- Corrosion and rust-resistant
- Strong and sturdy build
- Chrome plating may not be durable
- Could cause injury if mishandled
Omgogo Stainless Steel Coffee Tamper
This is one of the best lightweight tampers in the market that offers excellent value for money. Its stainless steel and rosewood finish provides an excellent grip. The sizes available are 49mm, 51mm, and 53mm.
Some may find it challenging to get in enough pressure to grind with this tamper due to its wooden handle and lack of calibration. However, we love how light it is at 7.2 oz making it easy to handle and maneuver when in use.
- Product dimensions: 2.3 x 2.3 x 3.2 inches
- Weight: 7.2 oz
- Dimensions: 51mm
- Wood handle feels solid
- Great ergonomics
- Great value for money
- Quality control feels somewhat poor
HIC Dual-Sided Tamper
Being a dual-sided espresso tamper means that there is no dedicated handle. That might pose a bit of a problem for some baristas. However, there are a lot of other positive aspects to this tamper than just the handle.
It is made of corrosion-free aluminum, with each side having a different diameter. One side is 50mm, while the other is 55mm. Lastly, it is really light at 4 oz, making it one of the best lightweight espresso tampers on the market.
- Product dimensions: 2.25 x 2.25 x 2.75 inches
- Weight: 4 oz
- Diameter: 50 mm and 55mm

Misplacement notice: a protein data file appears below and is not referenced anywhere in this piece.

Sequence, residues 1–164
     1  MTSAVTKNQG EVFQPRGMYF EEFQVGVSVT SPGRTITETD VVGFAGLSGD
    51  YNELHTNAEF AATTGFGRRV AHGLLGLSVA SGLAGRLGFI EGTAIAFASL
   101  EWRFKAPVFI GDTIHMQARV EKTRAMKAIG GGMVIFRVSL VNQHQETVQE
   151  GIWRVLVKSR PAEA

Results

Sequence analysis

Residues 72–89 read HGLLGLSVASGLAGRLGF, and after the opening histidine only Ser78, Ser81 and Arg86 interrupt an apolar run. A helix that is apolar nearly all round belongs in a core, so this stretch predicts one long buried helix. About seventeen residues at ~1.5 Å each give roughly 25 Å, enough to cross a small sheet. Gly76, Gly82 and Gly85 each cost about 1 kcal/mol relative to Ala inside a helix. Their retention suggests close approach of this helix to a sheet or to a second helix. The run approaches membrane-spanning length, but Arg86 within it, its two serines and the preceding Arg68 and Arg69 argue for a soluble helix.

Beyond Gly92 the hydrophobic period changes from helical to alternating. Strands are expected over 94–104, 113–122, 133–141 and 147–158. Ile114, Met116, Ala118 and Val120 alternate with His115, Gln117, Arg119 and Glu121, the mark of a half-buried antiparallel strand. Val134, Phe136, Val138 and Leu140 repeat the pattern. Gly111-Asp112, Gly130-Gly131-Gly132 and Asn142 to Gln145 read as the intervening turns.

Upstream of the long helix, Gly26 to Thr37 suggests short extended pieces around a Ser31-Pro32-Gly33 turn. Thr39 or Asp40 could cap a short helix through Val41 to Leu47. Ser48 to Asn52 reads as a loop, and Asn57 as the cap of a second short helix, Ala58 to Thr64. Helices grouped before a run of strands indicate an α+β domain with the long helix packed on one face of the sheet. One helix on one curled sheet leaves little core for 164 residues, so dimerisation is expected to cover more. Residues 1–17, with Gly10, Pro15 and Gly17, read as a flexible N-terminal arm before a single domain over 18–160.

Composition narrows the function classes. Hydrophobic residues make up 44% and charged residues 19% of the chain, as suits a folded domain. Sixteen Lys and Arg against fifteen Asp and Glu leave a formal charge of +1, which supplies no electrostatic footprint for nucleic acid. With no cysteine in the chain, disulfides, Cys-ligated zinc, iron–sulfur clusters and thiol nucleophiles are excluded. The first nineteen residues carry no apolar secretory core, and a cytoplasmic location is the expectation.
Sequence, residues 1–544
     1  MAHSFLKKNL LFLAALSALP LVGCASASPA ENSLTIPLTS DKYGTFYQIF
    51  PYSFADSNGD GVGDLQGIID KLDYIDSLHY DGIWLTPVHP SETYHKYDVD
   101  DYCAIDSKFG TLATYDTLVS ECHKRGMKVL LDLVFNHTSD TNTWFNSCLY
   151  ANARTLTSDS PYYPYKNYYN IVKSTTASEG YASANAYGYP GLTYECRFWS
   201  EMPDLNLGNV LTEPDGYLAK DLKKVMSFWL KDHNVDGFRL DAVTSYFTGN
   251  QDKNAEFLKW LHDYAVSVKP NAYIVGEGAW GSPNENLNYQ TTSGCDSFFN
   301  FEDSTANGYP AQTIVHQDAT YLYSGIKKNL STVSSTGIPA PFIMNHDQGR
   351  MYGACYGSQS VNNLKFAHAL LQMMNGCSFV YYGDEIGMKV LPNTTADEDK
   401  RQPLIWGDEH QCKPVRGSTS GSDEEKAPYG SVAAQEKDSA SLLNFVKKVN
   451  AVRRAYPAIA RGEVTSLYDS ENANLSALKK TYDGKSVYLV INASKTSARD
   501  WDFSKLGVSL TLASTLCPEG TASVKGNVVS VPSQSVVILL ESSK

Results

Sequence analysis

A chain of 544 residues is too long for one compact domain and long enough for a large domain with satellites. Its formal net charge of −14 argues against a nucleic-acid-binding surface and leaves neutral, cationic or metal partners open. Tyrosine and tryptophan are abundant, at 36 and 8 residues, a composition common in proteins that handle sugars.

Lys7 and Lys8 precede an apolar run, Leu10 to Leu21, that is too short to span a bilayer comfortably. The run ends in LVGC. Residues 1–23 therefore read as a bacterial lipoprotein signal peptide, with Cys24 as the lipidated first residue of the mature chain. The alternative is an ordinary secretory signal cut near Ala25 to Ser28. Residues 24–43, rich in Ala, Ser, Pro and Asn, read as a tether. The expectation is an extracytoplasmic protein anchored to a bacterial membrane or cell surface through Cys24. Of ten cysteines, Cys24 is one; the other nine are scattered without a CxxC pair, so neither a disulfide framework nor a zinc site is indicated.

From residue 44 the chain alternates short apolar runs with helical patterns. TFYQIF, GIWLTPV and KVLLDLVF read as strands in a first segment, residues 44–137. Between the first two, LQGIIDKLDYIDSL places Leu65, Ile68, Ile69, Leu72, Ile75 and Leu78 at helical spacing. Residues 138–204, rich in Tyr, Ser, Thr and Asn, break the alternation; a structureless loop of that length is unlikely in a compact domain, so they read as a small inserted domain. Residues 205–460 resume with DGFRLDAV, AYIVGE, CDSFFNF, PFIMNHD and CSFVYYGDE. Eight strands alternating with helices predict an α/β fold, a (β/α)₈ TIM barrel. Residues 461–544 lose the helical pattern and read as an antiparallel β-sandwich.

- Two bases with different diameters
- Made from high-grade corrosion-free aluminum.
- Easy to clean and does not clog.
- Due to its lightweight, more effort is required for use.
- Outer paint coating is not durable
Zoie + Chloe Stainless Steel Tamper
When it comes to aesthetics, this espresso tamper takes the prize. It is available in three colors, namely blue, red, and gold. Aesthetics are not all this product has to offer. This tamper has a flat base allowing for even distribution of pressure with a diameter of 49mm.
You also get an excellent grip courtesy of a sturdy handle, an easy-to-clean tamper, and a premium stainless steel base at an affordable price. This tamper also fits perfectly with small portafilters but could be too small for larger-sized portafilters.
- Product dimensions: 2 x 2 x 6 ounces
- Weight: 12.8 ounces
- Diameter: 49mm
- Cleaning is easy
- Uniform pressure due to flat base
- Well-built and ergonomic design
- Not safe for dishwashers
- Bottom gets loose at times